Humans have the habit of not noticing good deeds and instead focusing on only the negative habits. For instance, parents do not notice the times when their children are riding in the car peacefully, but when one makes a mistake, there is an urgent need to dwell on that negative behavior. Husbands are also not noticed for all the good things they do for their family, argues Sutherland, but when one does not take out the garbage, all hell breaks loose.
When Sutherland says the technique works for both genders, she is right. One day, she went to the dentist and had crown work. For a week, she was in excruciating pain and kept complaining to Scott about her physical condition. Then, she noticed that her husband was quiet and kept listening to her as she whined without uttering a word. Suddenly, she realized what was going on. “Are you giving me an L.R.S? [i.e ignoring my constant whining] You are, aren’t you,” she asked. Scott smiled. It became evident to her that he was training her, the American wife. The phrase “Did you just shamu me?” became her husband’s typical response when he felt subjected to Sutherland’s tactics.
Sutherland implies that we are all animals but men are different animals than women animals. While humans are more complicated than other animals, there are universal “rules of behavior” that indeed “cut across all species.”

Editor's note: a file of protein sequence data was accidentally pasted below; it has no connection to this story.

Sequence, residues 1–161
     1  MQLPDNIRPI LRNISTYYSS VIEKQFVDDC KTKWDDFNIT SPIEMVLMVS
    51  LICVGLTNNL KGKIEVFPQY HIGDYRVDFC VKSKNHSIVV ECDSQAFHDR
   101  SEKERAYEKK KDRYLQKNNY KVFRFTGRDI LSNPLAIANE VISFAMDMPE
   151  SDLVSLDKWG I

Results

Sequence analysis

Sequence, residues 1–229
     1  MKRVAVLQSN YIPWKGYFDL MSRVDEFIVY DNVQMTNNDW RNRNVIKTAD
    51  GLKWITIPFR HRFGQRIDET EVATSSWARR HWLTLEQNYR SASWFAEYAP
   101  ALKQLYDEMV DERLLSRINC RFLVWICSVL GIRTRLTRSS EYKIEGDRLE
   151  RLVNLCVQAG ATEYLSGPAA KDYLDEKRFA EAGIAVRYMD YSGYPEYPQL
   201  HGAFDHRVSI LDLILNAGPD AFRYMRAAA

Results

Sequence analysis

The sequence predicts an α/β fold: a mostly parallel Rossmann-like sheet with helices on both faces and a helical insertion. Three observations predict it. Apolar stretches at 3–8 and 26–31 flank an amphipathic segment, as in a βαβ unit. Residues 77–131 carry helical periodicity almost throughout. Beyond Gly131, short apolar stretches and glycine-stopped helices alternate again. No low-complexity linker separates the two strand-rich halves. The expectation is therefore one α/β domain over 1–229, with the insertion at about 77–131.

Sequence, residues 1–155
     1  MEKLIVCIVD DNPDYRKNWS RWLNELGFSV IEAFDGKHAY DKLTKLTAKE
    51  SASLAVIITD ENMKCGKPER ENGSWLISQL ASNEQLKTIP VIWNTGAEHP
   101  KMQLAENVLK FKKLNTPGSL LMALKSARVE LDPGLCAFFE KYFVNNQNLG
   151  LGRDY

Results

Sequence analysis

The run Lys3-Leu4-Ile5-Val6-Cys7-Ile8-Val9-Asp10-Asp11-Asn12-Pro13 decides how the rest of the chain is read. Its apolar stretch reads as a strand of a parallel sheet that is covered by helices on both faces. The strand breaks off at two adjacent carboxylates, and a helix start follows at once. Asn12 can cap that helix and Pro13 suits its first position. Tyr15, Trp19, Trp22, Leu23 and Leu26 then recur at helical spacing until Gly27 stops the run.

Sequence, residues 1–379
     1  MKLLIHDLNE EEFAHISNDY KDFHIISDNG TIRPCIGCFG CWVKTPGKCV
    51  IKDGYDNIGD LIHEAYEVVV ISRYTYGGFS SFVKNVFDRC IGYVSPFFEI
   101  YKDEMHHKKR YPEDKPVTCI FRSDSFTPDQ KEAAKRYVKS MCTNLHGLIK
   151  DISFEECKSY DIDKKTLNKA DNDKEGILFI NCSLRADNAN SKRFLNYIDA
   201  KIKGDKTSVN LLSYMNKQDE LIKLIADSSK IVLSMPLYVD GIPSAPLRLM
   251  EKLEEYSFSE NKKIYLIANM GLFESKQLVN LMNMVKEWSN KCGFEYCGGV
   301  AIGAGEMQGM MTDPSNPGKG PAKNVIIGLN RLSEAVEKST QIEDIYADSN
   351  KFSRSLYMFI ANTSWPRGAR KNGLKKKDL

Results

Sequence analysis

Husband training conjures up the notion that women have all the answers for making their marriages work better. Why is it that only women have to work harder than their husbands to make their marriages successful? Why do men need to be trained? As a rule, a trainer has the knowledge and the information a trainee lacks, but the two cited authors here see husband training as more of an effort to educate women about the simplicity of men’s needs and the predictability of male behavior. In reality, men are neither dogs nor dolphins who simply respond to certain stimuli. The trainer method of reinforcing the positive and ignoring the negative, however, is very effective in learning. But men are more complex species than animals because animals don’t react to power the same way that humans often do. Animals see their trainers as their masters; humans don’t see others that way. Moreover, men are, of course, capable of training their trainer.
Hassan M. Abukar is a freelance writer and Sahan Journal contributor. He can be reached at firstname.lastname@example.org.